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Wickard v. Filburn - Significance

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Wickard was the highwater mark of the Court's extension of federal regulatory power under the Commerce Clause.

Franklin D. Roosevelt was elected to the presidency in 1932 and immediately set about attempting to lift the nation out of the Great Depression. The first set of economic and social reforms constituting what was called the "New Deal" was passed almost immediately after Roosevelt took office the next year. Almost as quickly, most of the reform legislation was declared unconstitutional by the ultra-conservative majority that controlled the Supreme Court. Roosevelt responded in 1935 by introducing a second set of programs, essentially amounting to a second New Deal. When the justices disapproved of some of these measures too, Roosevelt developed a plan to "pack" the Court with justices of his own choosing who would approve his legislative package. The court-packing plan failed in Congress, but Roosevelt still got his wish. In 1937, the justices who opposed the New Deal began to retire, while other swing votes on the Court began to rule the president's way.

The Second Agricultural Act (1938), the legislation at issue in Wickard v. Filburn, had already passed constitutional muster in Mulford v. Smith, in which the Court had approved tobacco-growing quotas. The issue in Wickard was somewhat different, for this case concerned excess production of a crop, wheat, which was never taken to market. Also, by the time Wickard worked its way up to the Supreme Court, only one of the eight justices who decided the case was a holdover from the pre-Roosevelt era. That justice, Owen Roberts, was the crucial swing vote--the "switch in time that saved nine [justices]"--who began to reorient the Court in 1937. Wickard marked the Court's greatest expansion of federal regulatory power under the Commerce Clause of the Constitution.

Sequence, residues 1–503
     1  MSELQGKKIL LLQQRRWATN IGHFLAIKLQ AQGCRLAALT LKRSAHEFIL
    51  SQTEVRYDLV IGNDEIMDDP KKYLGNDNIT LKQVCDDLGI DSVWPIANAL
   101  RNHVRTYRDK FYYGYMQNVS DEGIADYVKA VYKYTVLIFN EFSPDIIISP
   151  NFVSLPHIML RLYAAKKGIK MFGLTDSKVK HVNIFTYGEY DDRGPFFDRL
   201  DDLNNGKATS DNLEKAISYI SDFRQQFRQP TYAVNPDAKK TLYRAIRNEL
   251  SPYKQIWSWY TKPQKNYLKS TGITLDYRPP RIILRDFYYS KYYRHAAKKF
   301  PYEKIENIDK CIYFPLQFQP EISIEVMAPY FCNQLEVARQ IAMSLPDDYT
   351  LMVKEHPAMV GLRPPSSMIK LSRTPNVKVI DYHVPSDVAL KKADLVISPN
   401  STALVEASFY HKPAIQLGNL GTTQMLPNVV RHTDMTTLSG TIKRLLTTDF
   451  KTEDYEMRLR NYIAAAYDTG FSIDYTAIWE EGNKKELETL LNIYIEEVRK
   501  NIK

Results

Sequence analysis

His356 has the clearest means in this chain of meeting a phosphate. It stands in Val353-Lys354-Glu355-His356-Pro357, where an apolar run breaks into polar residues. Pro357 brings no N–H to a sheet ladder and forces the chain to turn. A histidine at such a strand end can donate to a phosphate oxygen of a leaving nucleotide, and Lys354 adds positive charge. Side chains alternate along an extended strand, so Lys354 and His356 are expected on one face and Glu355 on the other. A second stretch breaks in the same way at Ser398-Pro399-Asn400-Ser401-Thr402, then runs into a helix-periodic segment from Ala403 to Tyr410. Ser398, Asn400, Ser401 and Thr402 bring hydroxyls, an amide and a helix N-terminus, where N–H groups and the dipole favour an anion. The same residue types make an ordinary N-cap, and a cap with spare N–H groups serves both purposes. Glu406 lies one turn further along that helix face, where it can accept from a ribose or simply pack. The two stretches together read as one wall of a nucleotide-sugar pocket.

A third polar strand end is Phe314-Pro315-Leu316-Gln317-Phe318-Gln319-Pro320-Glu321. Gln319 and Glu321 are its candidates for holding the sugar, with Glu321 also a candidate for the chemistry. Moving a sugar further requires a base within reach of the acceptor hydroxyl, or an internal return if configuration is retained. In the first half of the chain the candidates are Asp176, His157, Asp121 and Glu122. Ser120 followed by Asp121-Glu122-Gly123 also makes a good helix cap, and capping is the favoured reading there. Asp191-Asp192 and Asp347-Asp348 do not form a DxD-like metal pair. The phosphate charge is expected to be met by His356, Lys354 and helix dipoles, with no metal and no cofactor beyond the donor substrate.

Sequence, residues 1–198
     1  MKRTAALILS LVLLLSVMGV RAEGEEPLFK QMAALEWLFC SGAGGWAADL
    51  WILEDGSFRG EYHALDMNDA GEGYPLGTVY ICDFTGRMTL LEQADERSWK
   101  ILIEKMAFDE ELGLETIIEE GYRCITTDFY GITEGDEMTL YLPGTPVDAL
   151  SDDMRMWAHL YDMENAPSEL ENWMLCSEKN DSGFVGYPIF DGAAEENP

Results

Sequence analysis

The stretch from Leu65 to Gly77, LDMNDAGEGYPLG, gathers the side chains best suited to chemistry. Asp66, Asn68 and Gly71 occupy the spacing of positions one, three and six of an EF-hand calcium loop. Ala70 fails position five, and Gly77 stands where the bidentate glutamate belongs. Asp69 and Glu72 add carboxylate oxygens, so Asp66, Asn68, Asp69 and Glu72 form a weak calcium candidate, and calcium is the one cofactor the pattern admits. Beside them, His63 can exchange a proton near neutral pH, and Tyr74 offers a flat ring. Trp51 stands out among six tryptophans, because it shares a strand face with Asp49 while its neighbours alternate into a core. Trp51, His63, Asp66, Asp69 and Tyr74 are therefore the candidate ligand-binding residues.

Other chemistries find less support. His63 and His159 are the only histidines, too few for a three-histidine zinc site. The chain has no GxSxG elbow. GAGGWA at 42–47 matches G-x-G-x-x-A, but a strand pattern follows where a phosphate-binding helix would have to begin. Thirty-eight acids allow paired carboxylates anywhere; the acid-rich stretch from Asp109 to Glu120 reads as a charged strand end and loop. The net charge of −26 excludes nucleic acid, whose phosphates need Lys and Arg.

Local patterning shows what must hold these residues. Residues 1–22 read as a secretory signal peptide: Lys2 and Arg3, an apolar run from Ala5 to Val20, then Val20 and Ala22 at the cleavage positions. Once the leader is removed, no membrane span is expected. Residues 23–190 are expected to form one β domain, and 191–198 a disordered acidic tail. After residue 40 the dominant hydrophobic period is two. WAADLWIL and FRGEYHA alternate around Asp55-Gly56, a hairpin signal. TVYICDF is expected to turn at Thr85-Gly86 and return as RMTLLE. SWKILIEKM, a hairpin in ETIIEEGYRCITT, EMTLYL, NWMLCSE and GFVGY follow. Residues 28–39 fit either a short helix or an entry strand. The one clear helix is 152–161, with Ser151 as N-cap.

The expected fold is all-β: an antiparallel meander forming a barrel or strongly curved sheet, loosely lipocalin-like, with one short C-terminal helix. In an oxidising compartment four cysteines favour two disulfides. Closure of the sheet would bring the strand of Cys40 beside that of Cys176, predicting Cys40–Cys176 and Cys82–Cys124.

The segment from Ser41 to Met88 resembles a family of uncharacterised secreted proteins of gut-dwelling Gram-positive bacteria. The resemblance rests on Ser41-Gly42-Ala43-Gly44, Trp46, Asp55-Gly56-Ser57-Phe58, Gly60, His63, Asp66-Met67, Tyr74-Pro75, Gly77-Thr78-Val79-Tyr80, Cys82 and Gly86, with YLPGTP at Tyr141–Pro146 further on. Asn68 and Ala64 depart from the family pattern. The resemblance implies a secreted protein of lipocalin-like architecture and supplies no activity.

Roscoe C. Filburn worked a small farm in Ohio, where in additional to raising poultry and producing dairy products for the market, he planted a small crop of wheat. The wheat was intended for use by his family and for animal feed. In 1941, he sowed twelve more acres of wheat than were permitted under the Second Agricultural Act. The extra planting yielded 249 bushels of wheat on which he was obliged to pay a fine of 49 cents per bushel. Filburn responded by filing suit in federal court against the secretary of agriculture and others, asking the court to declare that the quota requirements of the act violated his right to due process under law. After the district court ruled that the federal government could not fine Filburn, the secretary of agriculture appealed this decision to the U.S. Supreme Court.

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